I was excited to hear that the local authorities are investing in this programme and have this vision. Being an ambassador allows me to share this vision with other companies and academic institutions.

    Mark Bullen's top tips

    How can people get started on their digital career journey?

    Being open minded about what is a 'digital career'. The category is broad and continues to grow with technology. Consider what technology interests you, carry out some online research and speak to companies, colleges, universities and friends/family.

    What skills and experience do you look for when recruiting and what is important to you as an employer and your work culture?

    Enthusiasm, dedication and positive attitude to work. You must have an interest in technology with a appetite to learn and a very strong team ethic.

    How varied are digital roles across West Sussex and are there opportunities at entry level and good progression routes?

    Digital roles continually evolve as companies adopt ever-new technology. This includes software, IT and hardware development and support, product/graphical design and CAD, communication and networks, multi and social media design and development services, user interfaces, game and graphics design, embedded applications, business system design, implementation and support, sports and recreational technology and teaching.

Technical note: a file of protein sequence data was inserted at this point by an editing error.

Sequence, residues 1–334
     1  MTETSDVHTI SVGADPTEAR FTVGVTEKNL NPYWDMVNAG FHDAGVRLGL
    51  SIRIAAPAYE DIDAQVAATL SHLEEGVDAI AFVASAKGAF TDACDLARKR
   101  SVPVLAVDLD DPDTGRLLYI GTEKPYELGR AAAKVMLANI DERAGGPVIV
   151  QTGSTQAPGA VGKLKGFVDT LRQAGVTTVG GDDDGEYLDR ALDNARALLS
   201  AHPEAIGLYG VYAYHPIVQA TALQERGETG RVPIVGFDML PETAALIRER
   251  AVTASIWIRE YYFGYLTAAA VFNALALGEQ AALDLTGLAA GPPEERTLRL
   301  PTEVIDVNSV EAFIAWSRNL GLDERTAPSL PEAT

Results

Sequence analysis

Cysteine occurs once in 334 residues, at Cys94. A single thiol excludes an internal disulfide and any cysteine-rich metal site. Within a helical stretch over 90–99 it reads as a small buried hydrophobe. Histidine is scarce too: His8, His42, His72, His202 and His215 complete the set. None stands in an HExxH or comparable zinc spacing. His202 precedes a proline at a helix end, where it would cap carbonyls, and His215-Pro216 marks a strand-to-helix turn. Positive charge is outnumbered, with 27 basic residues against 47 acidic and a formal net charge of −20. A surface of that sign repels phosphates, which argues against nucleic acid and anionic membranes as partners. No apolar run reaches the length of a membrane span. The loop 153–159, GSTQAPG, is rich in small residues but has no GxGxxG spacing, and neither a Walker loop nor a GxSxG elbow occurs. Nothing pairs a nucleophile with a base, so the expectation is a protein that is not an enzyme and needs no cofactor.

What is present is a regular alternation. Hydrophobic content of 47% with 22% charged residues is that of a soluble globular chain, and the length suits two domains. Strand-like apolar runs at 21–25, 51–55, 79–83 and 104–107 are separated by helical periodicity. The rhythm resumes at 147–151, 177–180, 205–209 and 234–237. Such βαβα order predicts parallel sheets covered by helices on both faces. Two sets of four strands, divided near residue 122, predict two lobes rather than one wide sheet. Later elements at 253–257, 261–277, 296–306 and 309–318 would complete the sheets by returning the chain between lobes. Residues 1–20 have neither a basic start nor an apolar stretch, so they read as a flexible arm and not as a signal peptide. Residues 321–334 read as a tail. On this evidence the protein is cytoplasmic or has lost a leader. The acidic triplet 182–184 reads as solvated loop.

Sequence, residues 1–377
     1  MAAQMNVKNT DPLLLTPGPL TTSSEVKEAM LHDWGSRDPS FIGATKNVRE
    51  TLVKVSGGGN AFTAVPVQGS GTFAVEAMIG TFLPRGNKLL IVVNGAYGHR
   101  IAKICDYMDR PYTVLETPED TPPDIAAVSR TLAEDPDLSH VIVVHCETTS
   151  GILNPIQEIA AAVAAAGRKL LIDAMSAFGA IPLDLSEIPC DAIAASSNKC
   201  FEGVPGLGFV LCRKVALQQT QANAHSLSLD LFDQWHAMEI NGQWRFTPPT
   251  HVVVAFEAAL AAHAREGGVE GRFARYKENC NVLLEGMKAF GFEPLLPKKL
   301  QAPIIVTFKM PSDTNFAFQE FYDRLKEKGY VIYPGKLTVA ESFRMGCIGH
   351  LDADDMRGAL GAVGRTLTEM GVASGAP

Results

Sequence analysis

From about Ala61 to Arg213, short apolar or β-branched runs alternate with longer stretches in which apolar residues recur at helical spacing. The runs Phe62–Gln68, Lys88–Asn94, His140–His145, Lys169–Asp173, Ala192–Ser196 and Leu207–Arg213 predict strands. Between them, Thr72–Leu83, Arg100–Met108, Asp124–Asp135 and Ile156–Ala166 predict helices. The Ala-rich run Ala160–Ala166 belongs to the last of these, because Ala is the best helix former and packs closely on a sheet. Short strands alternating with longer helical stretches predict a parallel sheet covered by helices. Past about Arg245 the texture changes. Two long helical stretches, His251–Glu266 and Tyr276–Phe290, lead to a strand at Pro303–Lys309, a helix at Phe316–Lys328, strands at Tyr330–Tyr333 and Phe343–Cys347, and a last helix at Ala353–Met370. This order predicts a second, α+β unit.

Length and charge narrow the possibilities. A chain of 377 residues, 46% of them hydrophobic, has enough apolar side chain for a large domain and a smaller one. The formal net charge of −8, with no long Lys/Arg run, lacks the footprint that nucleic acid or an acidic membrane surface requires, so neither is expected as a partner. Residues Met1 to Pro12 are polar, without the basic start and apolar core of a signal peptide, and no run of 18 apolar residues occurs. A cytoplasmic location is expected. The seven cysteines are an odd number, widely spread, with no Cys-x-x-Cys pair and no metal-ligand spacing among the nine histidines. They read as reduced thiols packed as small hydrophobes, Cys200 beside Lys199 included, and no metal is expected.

There are several large, blue chip organisations in Coastal West Sussex, including Glaxo, Roll-Royce, Southern Water, Equiniti and Ricardo, which have a large range of roles and structured career paths. There are also an ever-growing number of start-ups and SMEs - from 1 to 250 people - with an exciting array of digital requirements.

    The amazing thing about digital roles is the continual evolution as technology progresses which gives you a fantastic opportunity to make a huge impact and help businesses adopt more technology and grow.

    What are the digital career opportunities that set West Sussex apart from other areas?

    Coastal - fantastic work/life balance. The opportunity to live near the coast with a multitude of leisure activities - fantastic all year around, especially spring, summer and autumn. Also, close to the South Downs, with biking, hiking and running. It really is a beautiful and relaxing place to live. Numbers of SME businesses are increasing with a good growth in technology requirements.

    What are the benefits of digital roles?

    Digital roles are often at the forefront of technology. Continually developing with a real chance to make your mark and shape the future. Salaries are good, roles are creative, evolving and intellectually stimulating. Often with hybrid home/work options.

  • Tell us about how your work background - have you always worked in digital marketing and how did you start out and get into digital?